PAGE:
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Bush Meets Deficit Commitment- Early

Discussion in 'Anything goes' started by Boom_70, Jun 13, 2006.

  1. Boom_70

    Boom_70 Well-Known Member

    Bush May Meet Vow To Halve The Deficit Three Years Early


    Posted 6/12/2006

    Aided by surging tax receipts, President Bush may make good on his pledge to cut the deficit in half in 2006 — three years early.

    Tax revenues are running $176 billion, or 12.9%, over last year, the Treasury Department said Monday. The Congressional Budget Office said receipts have risen faster over the first eight months of fiscal '06 than in any other such period over the past 25 years — except for last year's 15.5% jump.

    The 2006 deficit through May was $227 billion, down from $273 billion at this time last year. Spending is up $130 billion, or 7.9%.

    The CBO forecast in May that the 2006 deficit could fall as low as $300 billion. Michael Englund, chief economist of Action Economics, has long expected a deficit of about $270 billion this year. Now he thinks there's a chance the "remarkable strength in receipts" will push the deficit even lower.

    With the economy topping $13 trillion this year, a $270 billion deficit would equal less than 2.1% of GDP, easily beating the president's 2.25% goal. Bush made his vow when the White House had a dour 2004 deficit forecast of 4.5% of GDP, or $521 billion. The actual '04 deficit came in at $412 billion, or 3.5% of GDP, before falling to $318 billion, or 2.6% of GDP, in 2005.

    A CBO analysis last week noted that withheld individual income and payroll taxes are up 7.6% from a year ago, with the gains picking up in recent months.

    "Those gains suggest solid growth in wages and salaries in the national economy," CBO said.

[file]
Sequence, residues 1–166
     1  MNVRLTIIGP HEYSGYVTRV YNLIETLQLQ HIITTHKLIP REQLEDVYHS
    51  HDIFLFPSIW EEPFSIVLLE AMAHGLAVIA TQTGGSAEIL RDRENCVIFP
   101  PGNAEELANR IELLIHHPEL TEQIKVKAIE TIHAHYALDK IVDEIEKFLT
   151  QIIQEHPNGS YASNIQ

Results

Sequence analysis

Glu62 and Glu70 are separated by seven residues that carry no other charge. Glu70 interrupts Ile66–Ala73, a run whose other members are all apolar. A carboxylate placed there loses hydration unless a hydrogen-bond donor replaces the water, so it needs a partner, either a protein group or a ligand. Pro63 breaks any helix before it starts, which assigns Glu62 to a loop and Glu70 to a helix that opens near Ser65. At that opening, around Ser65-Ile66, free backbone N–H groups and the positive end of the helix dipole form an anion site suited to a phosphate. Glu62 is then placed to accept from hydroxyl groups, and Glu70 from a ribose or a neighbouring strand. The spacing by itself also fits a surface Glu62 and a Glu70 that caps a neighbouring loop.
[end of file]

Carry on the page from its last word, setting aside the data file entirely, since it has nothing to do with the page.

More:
While gains are broad, those at higher-income levels are enjoying bigger salary hikes. Because they pay higher rates, federal tax revenues soar when they do well.

    Those making over $200,000 now pay 46.6% of total income taxes, presidential adviser Karl Rove recently said. That's up from 40.5% — despite Bush's tax cuts.

    Nonwithheld income tax receipts are up about 20% vs. a year ago. That may reflect year-end bonuses and capital gains.

    Corporate income taxes are up about 30% from last year's pace.

    While economic growth is producing impressive tax revenue gains, budget experts say they won't be enough to wipe out deficits, especially as baby boomers retire. Englund thinks the deficit could hit $150 billion if the expansion lasts two or three more years. "When we go into a downturn, the numbers reverse," he said.

    Long-term growth in Social Security, Medicare and Medicaid "threaten to force either European-style tax increases, unprecedented spending cuts or unprecedented debt," said Heritage Foundation budget expert Brian Riedl. "There's no growing out of the long-term budget problems."

    Heritage sees an $800 billion deficit in 2016, assuming tax cuts are extended and spending stays on its present course. If the economy and tax receipts continue to outperform, the deficit would still be at least $600 billion, Riedl said.